This post is part of my review of the Bookworm Literary Festival 2016.
So, Xinran’s track record is pretty impressive. Not least because she started out as a reporter in Nanjing, just like myself, I felt instantly drawn to her. I have to admit that only after my colleague was in awe when we discussed she was going to give a Bookworm talk, I picked up my first Xinran book, and now I will have to read them all.
Her stories give a voice to the marginalized in Chinese society and she manages to unlock secrets most of us journalists only ever imagine they could find; stories of the hardships of Tibetan women and those mothers who had to give up their baby girls or worse; and her latest book, a look at the one child generation, or the Little Emperors, as they are often half mockingly, half critically referred to.
The event was eye-opening and inspiring in many ways. Xinran’s outlook on life, or the one she presents to the public in any event, is incredibly positive and derived, according to her, from a Tibetan woman’s anecdote on how to view the world.
The story she tells is that the Tibetan woman explained in their culture if a young boy stubs his toe on a rock, rather than saying “poor boy”, the mother would tell him he should be honoured that the rock chose to cross his path; based on the practice of Buddhism.
I do think this sunny disposition and her incredible charm is how this charismatic woman has managed to dig up some of the most secret and tragic stories of China’s past, of abuse, neglect and even murder.
During her talk she touched upon a point that honestly brought me to tears. “Those German soldiers who murdered in the name of Hitler. They weren’t all believers. Some of them just needed to feed their families.” As a German with a heap of Nazi guilt hearing someone express this simple truth just really got to me. I cannot say that I face a lot of heat for being German nowadays at all; I really don’t. But somehow the way in which we talk about the Reich in Germany is very simplistic in that anything remotely related is bad, bad, bad. To have someone from the outside offer such a multifaceted and sympathetic view was incredibly unexpected.
Mr Li got to learn a little bit about himself as well. Both of us never really understood why he is, quite frankly, terrible at reading out loud. He is incredibly intelligent and speaks English fluently, but no matter in which language he will switch out entire verbs while reading. It was not until Xinran explained that his generation were never allowed to read out loud in class that he had an utter “aha” moment. He told me afterwards that when he was at home also, his mother would tell him to not read out loud because she couldn’t hear the TV if he did. I will bite my tongue about parenting at this point; she didn’t know any better.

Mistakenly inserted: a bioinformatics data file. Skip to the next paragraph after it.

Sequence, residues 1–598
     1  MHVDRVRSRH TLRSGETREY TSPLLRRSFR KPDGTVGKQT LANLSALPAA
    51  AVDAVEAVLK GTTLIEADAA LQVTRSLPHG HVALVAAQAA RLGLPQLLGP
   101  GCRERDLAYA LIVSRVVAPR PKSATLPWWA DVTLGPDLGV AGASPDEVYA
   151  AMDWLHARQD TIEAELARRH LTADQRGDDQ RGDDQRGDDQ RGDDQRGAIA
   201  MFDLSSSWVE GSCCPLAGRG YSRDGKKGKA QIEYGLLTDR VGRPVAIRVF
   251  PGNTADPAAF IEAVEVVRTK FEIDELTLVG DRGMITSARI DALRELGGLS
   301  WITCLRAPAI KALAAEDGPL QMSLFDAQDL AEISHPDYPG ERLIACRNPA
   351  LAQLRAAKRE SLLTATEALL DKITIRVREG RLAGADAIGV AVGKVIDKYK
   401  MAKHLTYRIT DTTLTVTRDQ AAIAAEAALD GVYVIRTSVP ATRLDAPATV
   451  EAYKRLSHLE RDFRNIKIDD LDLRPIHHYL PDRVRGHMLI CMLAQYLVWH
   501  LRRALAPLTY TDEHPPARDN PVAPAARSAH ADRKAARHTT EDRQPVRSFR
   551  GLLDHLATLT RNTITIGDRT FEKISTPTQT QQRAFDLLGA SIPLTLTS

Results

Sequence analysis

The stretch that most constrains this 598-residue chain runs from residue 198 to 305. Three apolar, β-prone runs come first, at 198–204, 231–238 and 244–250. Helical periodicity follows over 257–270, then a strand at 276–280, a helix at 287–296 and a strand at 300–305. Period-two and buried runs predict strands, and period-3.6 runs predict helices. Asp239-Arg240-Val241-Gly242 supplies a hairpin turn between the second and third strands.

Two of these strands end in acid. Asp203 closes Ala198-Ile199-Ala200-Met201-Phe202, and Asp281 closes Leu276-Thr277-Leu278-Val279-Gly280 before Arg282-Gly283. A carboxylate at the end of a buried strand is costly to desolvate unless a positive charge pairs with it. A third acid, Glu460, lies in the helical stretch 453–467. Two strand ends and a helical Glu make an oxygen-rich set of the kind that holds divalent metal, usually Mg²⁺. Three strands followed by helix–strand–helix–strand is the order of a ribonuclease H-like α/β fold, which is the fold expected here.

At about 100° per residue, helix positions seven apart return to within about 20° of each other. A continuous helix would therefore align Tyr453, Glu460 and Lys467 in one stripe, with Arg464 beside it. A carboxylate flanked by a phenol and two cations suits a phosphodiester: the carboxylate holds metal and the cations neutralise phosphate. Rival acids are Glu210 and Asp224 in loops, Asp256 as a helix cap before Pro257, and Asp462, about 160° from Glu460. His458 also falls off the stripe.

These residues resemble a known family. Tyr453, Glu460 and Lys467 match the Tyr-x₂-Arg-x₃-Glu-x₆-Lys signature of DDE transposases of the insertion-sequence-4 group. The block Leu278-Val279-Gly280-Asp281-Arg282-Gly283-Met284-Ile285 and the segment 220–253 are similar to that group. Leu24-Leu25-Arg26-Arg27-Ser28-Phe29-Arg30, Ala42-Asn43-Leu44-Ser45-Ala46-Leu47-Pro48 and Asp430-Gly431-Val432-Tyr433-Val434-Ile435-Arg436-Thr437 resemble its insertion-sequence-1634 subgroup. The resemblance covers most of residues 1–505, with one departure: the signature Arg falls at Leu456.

But this is the power of Xinran, she manages to touch the people she speaks to in these profound ways. With a few simple words. She has a clarity paired with a compassion I have rarely seen in people.
She is not much about the figures but all about the heart. Personal stories of real people. And there is a place for that. It makes for an incredibly powerful narrative.
As much as she is an inspiring person; this review should really be about the event. Since “Buy me the Sky -The Remarkable Truth of China’s One-Child Generations” was the name of the event, I did expect the focus to be on her latest book and on the one-child topic; instead it was more of a tour of Xinran’s entire bibliography. This was interesting, yes, but I still would have preferred to learn more about the one-child generation; partly for very selfish reasons – I want to gain an insight into my husband.
The other slight criticism I had was regarding the following panel discussion. While I do agree with many of the narratives Xinran presents, her main argument is that the Chinese people have spiritually not yet caught up with their economic development. And for some reason, this seemed to be her answer to every single question paused by the audience, including whether the two-child policy will reverse the gains Chinese women have made in education under the one child policy as they didn’t lose out against male siblings, and a question by an actual Chinese orphan adopted by Americans about whether there is a place for her in China. Every answer seemed to be almost the same; probably in part a move of caution.
Overall it was a great event with some very interesting insights and truly touching.
I award this talk 4 out of 5 Aubergines.
Reads for this talk: Xinran’s entire body of work, mainly “Buy Me The Sky”, “Messages from an Unknown Chinese Mother”, “Sky Burial”.